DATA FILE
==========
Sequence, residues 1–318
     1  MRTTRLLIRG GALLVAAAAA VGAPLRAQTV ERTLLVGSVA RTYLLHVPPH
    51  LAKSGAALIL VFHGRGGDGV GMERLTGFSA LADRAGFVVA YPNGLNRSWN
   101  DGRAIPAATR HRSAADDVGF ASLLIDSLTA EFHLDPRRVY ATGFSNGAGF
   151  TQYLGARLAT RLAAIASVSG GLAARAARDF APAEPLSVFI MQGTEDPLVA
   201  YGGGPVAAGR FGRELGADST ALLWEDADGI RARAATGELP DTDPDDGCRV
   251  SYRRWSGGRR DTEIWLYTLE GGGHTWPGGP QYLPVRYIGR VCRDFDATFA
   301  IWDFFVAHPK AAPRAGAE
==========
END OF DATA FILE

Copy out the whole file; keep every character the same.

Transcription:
Sequence, residues 1–318
     1  MRTTRLLIRG GALLVAAAAA VGAPLRAQTV ERTLLVGSVA RTYLLHVPPH
    51  LAKSGAALIL VFHGRGGDGV GMERLTGFSA LADRAGFVVA YPNGLNRSWN
   101  DGRAIPAATR HRSAADDVGF ASLLIDSLTA EFHLDPRRVY ATGFSNGAGF
   151  TQYLGARLAT RLAAIASVSG GLAARAARDF APAEPLSVFI MQGTEDPLVA
   201  YGGGPVAAGR FGRELGADST ALLWEDADGI RARAATGELP DTDPDDGCRV
   251  SYRRWSGGRR DTEIWLYTLE GGGHTWPGGP QYLPVRYIGR VCRDFDATFA
   301  IWDFFVAHPK AAPRAGAE